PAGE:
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Vice: An Art Examiner Discovered Secret Basquiat Drawings Using a Blacklight

Taylor Hosking

Jan 2, 2019

A New York conservator discovered a new Basquiat painting with coded blacklight images.

Leave it to legendary artist Jean-Michel Basquiat to make paintings so layered that some of those layers aren't even visible to the naked eye. New York art conservator, Emily MacDonald-Korth, is encouraging anyone who owns a Basquiat painting to get their hands on a UV flashlight after mysterious arrows were discovered in an untitled piece from 1981. She was doing a routine assessment of the painting’s age for a client using a UV flashlight when she saw new images emerge, painted using invisible ink.

There were downward arrows drawn in blacklight crayon similar to the other arrows in regular paint. And the invisible arrows were coming down in places that previously seemed like random open space between letters. In 2012 Sotheby's discovered Basquiat signed one of his 1982 paintings "Orange Sports Figure" in ultraviolet paint. But MacDonald-Korth is now convinced that he likely used the technique on multiple paintings. That would make sense considering he often worked on multiple paintings at the same time, according to the recent documentary, Basquiat: Rage to Riches. And it seems fitting for him to experiment with actual hidden ink given that his paintings are known for being visual puzzles. His work included scratched out words and images covered with a layer of paint. “He must have been playing with a UV flashlight and thought, ‘this is cool.’ It really relates to his use of erasure,” MacDonald-Korth told Artnet News.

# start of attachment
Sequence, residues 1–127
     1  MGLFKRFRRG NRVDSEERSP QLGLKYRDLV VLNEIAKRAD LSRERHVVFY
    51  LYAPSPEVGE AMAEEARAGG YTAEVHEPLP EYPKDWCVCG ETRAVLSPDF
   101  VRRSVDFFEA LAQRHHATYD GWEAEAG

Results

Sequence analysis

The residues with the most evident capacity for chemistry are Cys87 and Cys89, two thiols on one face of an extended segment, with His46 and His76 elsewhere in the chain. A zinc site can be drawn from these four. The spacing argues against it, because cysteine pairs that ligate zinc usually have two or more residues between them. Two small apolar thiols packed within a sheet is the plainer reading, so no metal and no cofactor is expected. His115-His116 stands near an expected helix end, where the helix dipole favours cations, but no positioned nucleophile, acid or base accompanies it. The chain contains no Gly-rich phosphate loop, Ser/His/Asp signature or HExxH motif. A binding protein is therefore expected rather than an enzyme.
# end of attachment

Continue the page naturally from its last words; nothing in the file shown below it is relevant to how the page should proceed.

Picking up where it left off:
Some of his frenzied images and techniques could appear random by only looking at a painting but are consistently repeated in other pieces. With this in mind, MacDonald-Korth suggested one of his most famous paintings, “Poison Oasis,” likely also has hidden ultraviolet ink imagery because it features similar stark arrows and was painted in the same year. For the rest of his work, finding blacklight ink may be more of a trial and error. But godspeed to those interested in cracking this code for us all.

Photo: Lee Jaffe/Getty Images

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